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Table with one row: Bad idea or not?


Table with one row: Bad idea or not?

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timwell
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I was thinking of using a table with one row to keep configuration data and information about the server the database is hosted on.

Is there any reason not to do it this way? Is there a better way to do it?

It seems a major advantage to using a table and not (for example) items in the .config file is that stored procedures and queries could include information from the configuration directly without it having to be passed as parameters.

Here is my initial table def:

CREATE TABLE [dbo].[DataBaseInstanceInformation](
   [DbiId] [int] NOT NULL,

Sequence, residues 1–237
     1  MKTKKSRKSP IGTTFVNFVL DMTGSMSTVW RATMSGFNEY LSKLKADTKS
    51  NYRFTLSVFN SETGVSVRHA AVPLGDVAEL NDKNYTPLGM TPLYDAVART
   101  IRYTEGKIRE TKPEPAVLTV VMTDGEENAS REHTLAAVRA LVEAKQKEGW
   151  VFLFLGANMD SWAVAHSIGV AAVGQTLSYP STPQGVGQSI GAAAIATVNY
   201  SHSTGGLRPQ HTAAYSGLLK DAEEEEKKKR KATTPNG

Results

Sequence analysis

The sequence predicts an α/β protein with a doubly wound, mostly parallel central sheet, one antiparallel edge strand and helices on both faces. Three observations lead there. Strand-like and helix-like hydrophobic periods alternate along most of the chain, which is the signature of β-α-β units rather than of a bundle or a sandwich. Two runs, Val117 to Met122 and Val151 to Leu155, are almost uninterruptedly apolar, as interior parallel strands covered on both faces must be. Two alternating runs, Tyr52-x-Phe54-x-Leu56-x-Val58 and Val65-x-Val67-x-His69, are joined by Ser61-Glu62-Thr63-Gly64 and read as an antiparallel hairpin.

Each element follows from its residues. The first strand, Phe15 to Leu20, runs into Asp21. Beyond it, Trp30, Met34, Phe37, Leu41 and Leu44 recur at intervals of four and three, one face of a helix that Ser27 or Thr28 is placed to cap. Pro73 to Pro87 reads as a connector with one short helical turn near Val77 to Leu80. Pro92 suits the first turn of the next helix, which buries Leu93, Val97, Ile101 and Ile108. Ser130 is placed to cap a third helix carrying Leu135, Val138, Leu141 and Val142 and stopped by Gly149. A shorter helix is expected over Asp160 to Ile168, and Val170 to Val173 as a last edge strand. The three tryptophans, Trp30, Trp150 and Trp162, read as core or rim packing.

[DbiDeptId] [int] NULL,
   [DbiIsRemoteDatabase] [tinyint] NULL,
   [DbiServerName] [varchar](255) NULL,
   [DbiComments] [varchar](max) NULL
)
Lowell
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in our case, we have a config file that has the connection string information, and a single row table that contains a lot of settings relevant to the application that uses that database.


I don't think you really want to store the connection info in the database, without also storing it outside of the database(how would you open teh conneciton to read the connection info) , but application type settings, you bet.

Lowell

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Sean Lange
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Lowell (1/28/2013)
in our case, we have a config file that has the connection string information, and a single row table that contains a lot of settings relevant to the application that uses that database.